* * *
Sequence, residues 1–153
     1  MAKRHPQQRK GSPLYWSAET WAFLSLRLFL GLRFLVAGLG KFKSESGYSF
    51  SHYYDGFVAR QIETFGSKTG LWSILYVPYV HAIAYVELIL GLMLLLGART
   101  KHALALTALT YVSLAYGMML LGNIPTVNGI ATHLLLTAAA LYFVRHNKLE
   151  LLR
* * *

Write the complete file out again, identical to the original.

Sequence, residues 1–153
     1  MAKRHPQQRK GSPLYWSAET WAFLSLRLFL GLRFLVAGLG KFKSESGYSF
    51  SHYYDGFVAR QIETFGSKTG LWSILYVPYV HAIAYVELIL GLMLLLGART
   101  KHALALTALT YVSLAYGMML LGNIPTVNGI ATHLLLTAAA LYFVRHNKLE
   151  LLR